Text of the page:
The Brooklyn Follies

The Brooklyn Follies, unlike many of Paul Auster's books, is a warm
and upbeat story of a 59 year old man - a cancer survivor -who believes
his life is essentially over. Nathan Glass, divorced and estranged from
his daughter, comes to Brooklyn to end his days. There he discovers
his nephew, Tom, working in a rare bookstore. Since the death of
Nathan's sister, he has lost contact with the intellectual Tom. When he
rediscovers him, Tom has dropped out of his PhD program, has scarcely
any money and even less ambition. Like that of his uncle, his life is
at a crossroad.

One wonders if Nathan is a side of the
author himself. He is a cynic and a bit of a curmudgeon. Yet we sense
his vulnerability when we glimpse him dining in the same restaurant day
after day, energized by the attention of his favorite waitress.

The plot takes a mysterious turn when Tom's nine-year-old niece, Lucy,shows up.  Her mother - Tom's sister - ran away from home when she was a
teenager and has led a sordid life. Lucy's appearance, and her refusal
to discuss with Tom and Nathan the location of her mother, Aurora,
sounds an alarm for the two men. Nathan determines to find Aurora and
bring her safely back. He also decides to find a "proper" temporary
home for the precocious Lucy. Along the way, he discovers a unique collection of unforgettable characters.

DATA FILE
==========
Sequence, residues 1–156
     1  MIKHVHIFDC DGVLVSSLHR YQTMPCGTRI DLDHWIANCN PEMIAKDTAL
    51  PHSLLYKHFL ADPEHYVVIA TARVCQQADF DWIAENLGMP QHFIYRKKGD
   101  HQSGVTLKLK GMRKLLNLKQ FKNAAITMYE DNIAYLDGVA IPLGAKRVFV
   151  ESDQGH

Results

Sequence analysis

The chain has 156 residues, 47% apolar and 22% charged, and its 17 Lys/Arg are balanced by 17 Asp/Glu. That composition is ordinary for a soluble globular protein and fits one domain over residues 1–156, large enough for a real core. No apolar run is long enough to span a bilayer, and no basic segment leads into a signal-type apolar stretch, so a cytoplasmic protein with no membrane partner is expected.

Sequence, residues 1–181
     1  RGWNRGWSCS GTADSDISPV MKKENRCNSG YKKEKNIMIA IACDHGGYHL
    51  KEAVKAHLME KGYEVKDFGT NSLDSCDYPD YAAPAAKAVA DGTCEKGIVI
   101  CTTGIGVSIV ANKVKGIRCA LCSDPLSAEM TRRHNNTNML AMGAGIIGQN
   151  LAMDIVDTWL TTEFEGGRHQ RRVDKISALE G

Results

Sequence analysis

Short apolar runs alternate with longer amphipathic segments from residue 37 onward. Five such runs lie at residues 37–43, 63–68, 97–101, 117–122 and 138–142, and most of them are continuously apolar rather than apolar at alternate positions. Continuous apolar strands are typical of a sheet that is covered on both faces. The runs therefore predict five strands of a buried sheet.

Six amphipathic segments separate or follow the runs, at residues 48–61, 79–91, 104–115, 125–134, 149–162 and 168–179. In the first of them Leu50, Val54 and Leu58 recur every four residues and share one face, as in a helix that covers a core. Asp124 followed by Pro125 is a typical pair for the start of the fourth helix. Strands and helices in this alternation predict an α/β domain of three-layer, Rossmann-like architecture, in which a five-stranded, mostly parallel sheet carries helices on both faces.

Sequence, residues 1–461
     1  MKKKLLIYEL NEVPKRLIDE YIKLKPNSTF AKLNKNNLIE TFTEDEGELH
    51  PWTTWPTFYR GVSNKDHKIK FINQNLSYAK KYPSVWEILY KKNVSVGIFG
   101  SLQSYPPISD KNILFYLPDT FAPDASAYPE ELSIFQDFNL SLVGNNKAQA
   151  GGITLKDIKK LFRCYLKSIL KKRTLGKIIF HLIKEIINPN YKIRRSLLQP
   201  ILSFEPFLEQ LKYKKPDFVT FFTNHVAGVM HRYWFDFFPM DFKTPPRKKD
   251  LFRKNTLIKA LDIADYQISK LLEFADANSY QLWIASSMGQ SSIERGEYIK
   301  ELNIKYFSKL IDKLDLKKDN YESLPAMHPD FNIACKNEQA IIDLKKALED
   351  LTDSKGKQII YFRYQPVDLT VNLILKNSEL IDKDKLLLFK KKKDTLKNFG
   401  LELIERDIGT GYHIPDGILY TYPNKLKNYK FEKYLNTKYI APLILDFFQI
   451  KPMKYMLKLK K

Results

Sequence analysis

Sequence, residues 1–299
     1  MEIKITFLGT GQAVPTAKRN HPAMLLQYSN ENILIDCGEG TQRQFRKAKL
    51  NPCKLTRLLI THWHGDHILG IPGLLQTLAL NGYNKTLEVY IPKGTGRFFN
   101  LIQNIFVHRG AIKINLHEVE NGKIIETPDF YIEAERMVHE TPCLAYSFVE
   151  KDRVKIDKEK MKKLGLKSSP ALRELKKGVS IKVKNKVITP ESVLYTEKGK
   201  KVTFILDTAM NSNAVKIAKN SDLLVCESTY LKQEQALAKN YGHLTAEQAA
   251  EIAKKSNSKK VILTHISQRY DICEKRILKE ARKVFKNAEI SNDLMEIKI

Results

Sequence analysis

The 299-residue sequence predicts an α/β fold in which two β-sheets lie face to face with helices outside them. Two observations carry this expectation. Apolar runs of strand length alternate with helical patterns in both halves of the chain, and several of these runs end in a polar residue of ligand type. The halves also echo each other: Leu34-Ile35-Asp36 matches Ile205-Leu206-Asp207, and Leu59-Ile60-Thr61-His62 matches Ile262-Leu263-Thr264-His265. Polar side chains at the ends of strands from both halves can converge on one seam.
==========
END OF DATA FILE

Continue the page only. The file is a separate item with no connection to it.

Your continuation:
In a sense, the novel follows a quest motif in which our existential hero discovers genuine meaning in his own life. 

Most
lives vanish, Nathan muses. A person dies, and little by little all
traces of that life disappear.  An inventor survives in his inventions,
an architect survives in his buildings, but most people leave behind no
monuments or lasting achievements: a shelf of photograph albums, a
fifth-grade report card, a bowling trophy, an ashtray filched from a
Florida hotel room on the final morning of some dimly remembered
vacation.
(p. 303)

Ultimately, as Nathan
contemplates how to immortalize these everyday people we, the readers,
feel his sense of joy and renewed purpose. His second brush with death
underscores life's uncertainty. As the book concludes, we see Nathan
emerging from the hospital, greeting the 8 a.m. sunshine on the morning
of September 11, 2001. We know that in forty-six minutes the first
plane will crash into the North Tower of the World Trade Center. Life,
as we know it, will never be the same.

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